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947. Fiduciary Duty

QUERY: Whether a fiduciary duty or relationship is a necessary ingredient to frauds relating to intangible property rights. See generally Laura A. Eilers & Harvey B. Silikovitz, Mail and Wire Fraud, 31 Am. Crim. L. Rev. 703, 706 n. 19 (1994) ("Unlike traditional frauds which may arise regardless of the relationship between the defendant and the victim, frauds related to intangible rights stem from a fiduciary relationship between the defendant and the defrauded party or entity."). "At the core of the judicially defined 'scheme to defraud' is the notion of a trust owed to another and a subsequent breach of that trust." United States v. Lemire, 720 F.2d 1327, 1335 (D.C. Cir. 1983) ("But '[n]ot every breach of a fiduciary duty works a criminal fraud.'") (quoting United States v. George, 477 F.2d 508 (7th Cir.), cert. denied, 414 U.S. 827 (1973)), cert. denied, 467 U.S. 1226 (1984). But cf. United States v. Sawyer, 878 F. Supp. 279, 288-90 (D. Mass. 1995) (mail fraud statutes do not require that a public fiduciary be a participant in the scheme). It may follow that to defraud one of the "right to honest services" would generally require a fiduciary relationship that creates the right to provide or protect honest services. It does not necessarily follow, however, that the existence or protection of an intangible property right must depend upon the existence of a fiduciary relationship or duty. Nonfiduciaries can steal, embezzle and defraud others of property interests, regardless of whether the property interest is tangible or intangible. Cf. United States v. Allen, 554 F.2d 398, 410 (10th Cir.) ("While the existence of a fiduciary duty is relevant and an ingredient in some mail fraud prosecutions, . . . it is not an essential in all such cases.") (citations omitted), cert. denied, 434 U.S. 836 (1977); Eilers & Silikovitz, 31 Am. Crim. L. Rev. at 711 ("There is some debate in the Circuit Courts about whether intangible rights can be violated if they are not premised upon fiduciary duty.").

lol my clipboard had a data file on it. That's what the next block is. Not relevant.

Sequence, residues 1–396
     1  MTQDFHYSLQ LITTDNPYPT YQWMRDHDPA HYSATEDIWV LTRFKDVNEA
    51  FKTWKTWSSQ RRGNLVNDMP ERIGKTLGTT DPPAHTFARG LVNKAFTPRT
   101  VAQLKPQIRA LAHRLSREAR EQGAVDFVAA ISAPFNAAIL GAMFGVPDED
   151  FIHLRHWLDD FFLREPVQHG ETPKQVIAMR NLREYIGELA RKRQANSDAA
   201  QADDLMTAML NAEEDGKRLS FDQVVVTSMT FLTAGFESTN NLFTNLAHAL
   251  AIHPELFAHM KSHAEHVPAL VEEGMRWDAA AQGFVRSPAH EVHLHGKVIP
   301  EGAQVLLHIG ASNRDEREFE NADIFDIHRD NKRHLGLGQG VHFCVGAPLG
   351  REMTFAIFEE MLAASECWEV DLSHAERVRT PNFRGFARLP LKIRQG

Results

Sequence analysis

Courts have held nonfiduciaries criminally liable for frauds related to intangible rights when a co-schemer or co-conspirator was a fiduciary. See United States v. Alexander, 741 F.2d 962, 964 (7th Cir. 1984) (an intangible rights scheme is cognizable when at least one of the schemers has a fiduciary relationship with the defrauded person or entity), overruled on other grounds by, United States v. Ginsburg, 773 F.2d 798 (7th Cir. 1985), cert. denied, 475 U.S. 1011 (1986); see also Sawyer, 878 F. Supp. at 289 (describing situation of nonfiduciary) (citing United States v. Margiotta, 688 F.2d 108, 121-23 (2d Cir. 1982), cert. denied, 461 U.S. 913 (1983), and Alexander, 741 F.2d at 964).

[cited in USAM 9-43.100]

Updated June 9, 2015